As the summer months began to wind down this year, nature’s fury began to wind up and grab much of the news cycle.
On Sept. 8, as Irma, the second of four hurricanes to sweep across the Atlantic Ocean and Gulf of Mexico regions thus far in 2017, was approaching Cuba, a magnitude-8.1 (M8.1) earthquake struck the western coast of Mexico. This was the largest earthquake to strike Mexico in 100 years. It caused widespread damage, injured hundreds and took dozens of lives.
Less than two weeks later, on Sept. 19, an M7.1 earthquake struck roughly 80 km (50 mi) southeast of Mexico City. While not as strong as the Sept. 8 earthquake, this second event resulted in far greater damage, killing hundreds and injuring thousands of people, principally because of its proximity to Mexico’s capital and metropolitan area, where roughly 20 million people live.
Coincidentally, this M7.1 earthquake struck 32 years to the day since an M8.0 earthquake struck along Mexico’s western coast in 1985. Though centered hundreds of miles from Mexico City, the 1985 earthquake often is referred to as the “Mexico City earthquake” because of its devastating effects to that city.
Thousands perished in the 1985 Mexico City earthquake. Seismic waves were amplified by the lake bed and river sediments beneath the city. Strong ground shaking caused many buildings to collapse, trapping their occupants beneath and within. These same effects came into play during the Sept. 19, 2017, earthquake.
An important consequence of the 1985 Mexico City earthquake was the development and implementation of upgraded building codes in Mexico. These upgraded codes made it less likely newly constructed buildings would collapse during an earthquake, and they possibly prevented even greater destruction and casualties resulting from last month’s earthquake.
Unlike hurricanes, which can be observed and tracked as they develop through a period of days, earthquakes occur relatively instantaneously. Yet, if we know an earthquake occurred, and it is possibly large enough, we can estimate how soon damaging seismic waves will begin to shake different areas based on how far they are from the earthquake’s epicenter.
After the 1985 earthquake, Mexico was one of the first countries to use this principle to provide early warning of imminent strong earthquake shaking. Some reports credited Mexico’s system with helping reduce casualties associated with last month’s earthquakes. The United States Geological Survey is coordinating a U.S. West Coast earthquake early warning effort with university and other partners in California, Oregon and Washington state.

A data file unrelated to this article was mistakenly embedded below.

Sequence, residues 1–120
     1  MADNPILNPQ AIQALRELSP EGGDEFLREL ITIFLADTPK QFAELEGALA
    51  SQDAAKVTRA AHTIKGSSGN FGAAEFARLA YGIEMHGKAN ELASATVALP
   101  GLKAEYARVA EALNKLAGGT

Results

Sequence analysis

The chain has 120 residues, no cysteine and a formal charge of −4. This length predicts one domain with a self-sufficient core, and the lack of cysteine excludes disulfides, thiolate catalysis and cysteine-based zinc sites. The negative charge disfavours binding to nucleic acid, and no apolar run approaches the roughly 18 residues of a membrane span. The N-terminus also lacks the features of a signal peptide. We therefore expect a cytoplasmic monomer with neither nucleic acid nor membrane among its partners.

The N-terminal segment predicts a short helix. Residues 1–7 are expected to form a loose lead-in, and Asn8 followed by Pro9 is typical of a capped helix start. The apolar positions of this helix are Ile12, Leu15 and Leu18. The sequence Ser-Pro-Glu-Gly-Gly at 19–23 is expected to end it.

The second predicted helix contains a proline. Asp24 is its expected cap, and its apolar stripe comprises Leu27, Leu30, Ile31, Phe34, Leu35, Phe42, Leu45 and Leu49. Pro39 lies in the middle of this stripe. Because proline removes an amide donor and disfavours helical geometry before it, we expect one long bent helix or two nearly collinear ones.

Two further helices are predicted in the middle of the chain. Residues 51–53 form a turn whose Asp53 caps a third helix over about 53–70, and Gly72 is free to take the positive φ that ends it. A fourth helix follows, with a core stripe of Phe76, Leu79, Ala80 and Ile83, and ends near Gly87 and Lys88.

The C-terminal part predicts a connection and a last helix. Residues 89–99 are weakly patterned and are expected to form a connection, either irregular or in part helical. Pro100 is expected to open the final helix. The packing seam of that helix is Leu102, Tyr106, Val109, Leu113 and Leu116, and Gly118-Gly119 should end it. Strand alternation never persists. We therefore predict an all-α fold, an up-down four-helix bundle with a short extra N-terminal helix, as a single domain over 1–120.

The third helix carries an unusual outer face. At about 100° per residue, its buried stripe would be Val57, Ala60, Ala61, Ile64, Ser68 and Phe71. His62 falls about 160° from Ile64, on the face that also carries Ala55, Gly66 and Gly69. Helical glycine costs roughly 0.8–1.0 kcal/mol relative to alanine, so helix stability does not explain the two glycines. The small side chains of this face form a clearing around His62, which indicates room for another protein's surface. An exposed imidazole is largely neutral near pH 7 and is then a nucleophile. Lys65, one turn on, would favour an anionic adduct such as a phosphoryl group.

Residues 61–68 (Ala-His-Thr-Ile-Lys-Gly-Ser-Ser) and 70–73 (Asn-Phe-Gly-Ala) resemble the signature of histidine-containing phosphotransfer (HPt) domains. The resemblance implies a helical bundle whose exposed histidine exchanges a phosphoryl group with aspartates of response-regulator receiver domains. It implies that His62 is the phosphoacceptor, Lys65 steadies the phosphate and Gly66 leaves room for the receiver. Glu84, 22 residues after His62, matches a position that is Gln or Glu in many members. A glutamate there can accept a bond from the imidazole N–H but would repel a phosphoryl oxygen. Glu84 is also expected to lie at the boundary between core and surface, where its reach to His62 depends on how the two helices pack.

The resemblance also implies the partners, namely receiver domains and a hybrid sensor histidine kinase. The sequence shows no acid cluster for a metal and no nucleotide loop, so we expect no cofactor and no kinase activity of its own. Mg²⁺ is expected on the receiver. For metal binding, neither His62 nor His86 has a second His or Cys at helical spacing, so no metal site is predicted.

While being warned that a damaging earthquake struck can help minimize losses, it is critically important we are prepared and know what to do to reduce damage and injury when earthquakes, such as the 2006 Kiholo and Mahukona events, occur in Hawaii. Throughout the U.S., annual Great ShakeOut earthquake awareness drills (https:www.shakeout.org/Hawaii) emphasize “Drop! Cover! and Hold On!” until strong shaking stops to avoid being struck by falling objects and before evacuating a damaged structure.
Practicing what to do during a large earthquake will help us take appropriate actions when the next one strikes. Because Sept. 19 marks the anniversary of the 1985 earthquake, Mexico City conducted an earthquake drill earlier that day, just a matter of hours before the M7.1 earthquake struck. Along with preparation and planning, the importance of developing, implementing and enforcing appropriate building codes cannot be overstated.
As we drop, cover and hold on during this year’s Great Hawaii ShakeOut at 10:19 a.m. Thursday (Oct. 19), let’s also dedicate a quiet moment to those adversely impacted by recent earthquakes. And let’s think about ways we can improve our personal and community preparedness and resiliency to extreme natural events.
Volcano activity updates
This past week, Kilauea Volcano’s summit lava lake level fluctuated with summit inflation and deflation, ranging about 32-39 m (105-128 ft) below the vent rim. On the East Rift Zone, the 61g flow remained active, with lava entering the ocean near Kamokuna and surface breakouts downslope of Pu‘u ‘O‘o. The 61g flows do not pose an immediate threat to nearby communities.
Mauna Loa is not erupting. Rates of deformation and seismicity did not change significantly during the past week, but persist above long-term background levels. Small-magnitude earthquakes occurred beneath the summit caldera and upper Southwest Rift Zone, primarily at depths less than 5 km (3 mi), with some deeper events at depths of 5-13 km (3-8 mi). GPS measurements continue to show deformation related to inflation of a magma reservoir beneath the summit and upper Southwest Rift Zone. No significant changes in volcanic gas emissions were measured.
No earthquakes were reported felt on the Island of Hawaii during the past week.
Visit the HVO website (https://volcanoes.usgs.gov/hvo) for past Volcano Watch articles, volcano updates and photos, recent earthquake info, and more. Call for summary updates at 808-967-8862 (Kilauea) or 808-967-8866 (Mauna Loa). Email questions to askHVO@usgs.gov.
Volcano Watch (http://hvo.wr.usgs.gov/volcanowatch/) is a weekly article and activity update written by U.S. Geological Survey Hawaiian Volcano Observatory scientists and colleagues.